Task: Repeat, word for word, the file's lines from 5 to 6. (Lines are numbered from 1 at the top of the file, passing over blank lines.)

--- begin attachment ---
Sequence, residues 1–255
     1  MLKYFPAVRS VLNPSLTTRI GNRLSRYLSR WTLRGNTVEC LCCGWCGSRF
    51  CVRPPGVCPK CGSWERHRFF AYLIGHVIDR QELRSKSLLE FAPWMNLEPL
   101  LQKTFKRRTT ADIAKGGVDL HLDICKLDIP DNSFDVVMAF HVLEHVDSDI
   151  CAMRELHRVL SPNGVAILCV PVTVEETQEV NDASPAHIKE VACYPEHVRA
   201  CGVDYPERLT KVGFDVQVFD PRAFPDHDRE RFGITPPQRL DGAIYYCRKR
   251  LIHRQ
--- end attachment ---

   151  CAMRELHRVL SPNGVAILCV PVTVEETQEV NDASPAHIKE VACYPEHVRA
   201  CGVDYPERLT KVGFDVQVFD PRAFPDHDRE RFGITPPQRL DGAIYYCRKR